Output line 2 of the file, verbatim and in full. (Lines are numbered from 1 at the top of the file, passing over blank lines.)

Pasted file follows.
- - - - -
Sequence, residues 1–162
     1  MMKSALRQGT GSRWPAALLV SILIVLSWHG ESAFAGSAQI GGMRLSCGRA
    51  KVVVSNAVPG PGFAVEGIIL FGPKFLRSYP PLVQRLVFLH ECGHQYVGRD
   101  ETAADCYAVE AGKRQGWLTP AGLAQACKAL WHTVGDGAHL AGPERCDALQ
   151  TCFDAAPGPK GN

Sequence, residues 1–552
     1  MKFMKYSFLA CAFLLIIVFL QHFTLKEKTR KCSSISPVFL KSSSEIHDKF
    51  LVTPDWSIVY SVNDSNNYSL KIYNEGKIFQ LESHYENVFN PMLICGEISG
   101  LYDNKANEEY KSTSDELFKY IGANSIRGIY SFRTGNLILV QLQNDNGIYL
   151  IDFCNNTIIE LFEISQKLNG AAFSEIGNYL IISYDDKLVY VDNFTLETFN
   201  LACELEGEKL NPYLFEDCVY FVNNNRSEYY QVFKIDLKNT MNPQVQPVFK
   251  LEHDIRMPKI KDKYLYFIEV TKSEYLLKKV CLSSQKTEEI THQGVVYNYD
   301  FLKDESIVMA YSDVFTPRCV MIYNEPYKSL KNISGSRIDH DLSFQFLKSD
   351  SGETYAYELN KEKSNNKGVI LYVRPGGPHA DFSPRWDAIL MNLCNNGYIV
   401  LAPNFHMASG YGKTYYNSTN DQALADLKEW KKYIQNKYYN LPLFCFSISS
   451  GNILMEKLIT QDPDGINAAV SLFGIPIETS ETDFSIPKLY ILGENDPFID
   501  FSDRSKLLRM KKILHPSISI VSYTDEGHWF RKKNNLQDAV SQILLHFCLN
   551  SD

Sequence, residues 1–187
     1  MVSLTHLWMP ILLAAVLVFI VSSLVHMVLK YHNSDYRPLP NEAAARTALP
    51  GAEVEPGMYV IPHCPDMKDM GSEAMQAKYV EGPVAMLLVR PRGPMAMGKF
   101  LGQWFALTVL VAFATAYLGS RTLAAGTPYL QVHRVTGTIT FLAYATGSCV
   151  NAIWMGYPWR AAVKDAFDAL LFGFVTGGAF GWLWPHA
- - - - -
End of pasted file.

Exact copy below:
     1  MMKSALRQGT GSRWPAALLV SILIVLSWHG ESAFAGSAQI GGMRLSCGRA